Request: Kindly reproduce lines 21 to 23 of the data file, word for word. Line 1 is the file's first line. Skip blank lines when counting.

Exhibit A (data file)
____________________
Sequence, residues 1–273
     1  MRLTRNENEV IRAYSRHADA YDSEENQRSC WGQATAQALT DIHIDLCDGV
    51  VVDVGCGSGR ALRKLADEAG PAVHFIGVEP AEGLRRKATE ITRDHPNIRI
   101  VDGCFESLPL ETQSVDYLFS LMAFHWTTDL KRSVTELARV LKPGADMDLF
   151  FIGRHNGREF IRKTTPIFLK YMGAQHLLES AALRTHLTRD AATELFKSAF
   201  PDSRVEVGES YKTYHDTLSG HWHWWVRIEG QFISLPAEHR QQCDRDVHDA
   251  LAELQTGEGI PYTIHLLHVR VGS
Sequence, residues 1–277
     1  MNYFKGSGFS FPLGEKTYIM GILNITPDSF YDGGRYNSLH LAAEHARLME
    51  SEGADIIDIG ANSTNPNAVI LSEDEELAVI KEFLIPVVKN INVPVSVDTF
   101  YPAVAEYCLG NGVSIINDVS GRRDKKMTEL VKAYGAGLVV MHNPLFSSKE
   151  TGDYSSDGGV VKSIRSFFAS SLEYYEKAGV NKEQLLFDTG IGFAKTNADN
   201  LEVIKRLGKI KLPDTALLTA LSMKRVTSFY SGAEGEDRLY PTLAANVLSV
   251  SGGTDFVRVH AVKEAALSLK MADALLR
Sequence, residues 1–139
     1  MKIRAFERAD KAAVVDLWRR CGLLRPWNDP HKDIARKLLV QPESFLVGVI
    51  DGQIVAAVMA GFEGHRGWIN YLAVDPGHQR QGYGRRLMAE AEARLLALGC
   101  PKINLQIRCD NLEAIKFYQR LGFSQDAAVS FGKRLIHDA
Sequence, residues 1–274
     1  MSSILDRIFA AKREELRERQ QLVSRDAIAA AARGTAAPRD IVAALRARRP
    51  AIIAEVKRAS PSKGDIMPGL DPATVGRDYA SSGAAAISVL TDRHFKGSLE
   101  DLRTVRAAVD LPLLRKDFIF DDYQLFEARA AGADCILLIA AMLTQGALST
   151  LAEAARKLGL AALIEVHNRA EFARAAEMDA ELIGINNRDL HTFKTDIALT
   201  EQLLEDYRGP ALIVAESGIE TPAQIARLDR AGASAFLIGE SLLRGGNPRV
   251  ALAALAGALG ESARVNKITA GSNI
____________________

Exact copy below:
    51  AIIAEVKRAS PSKGDIMPGL DPATVGRDYA SSGAAAISVL TDRHFKGSLE
   101  DLRTVRAAVD LPLLRKDFIF DDYQLFEARA AGADCILLIA AMLTQGALST
   151  LAEAARKLGL AALIEVHNRA EFARAAEMDA ELIGINNRDL HTFKTDIALT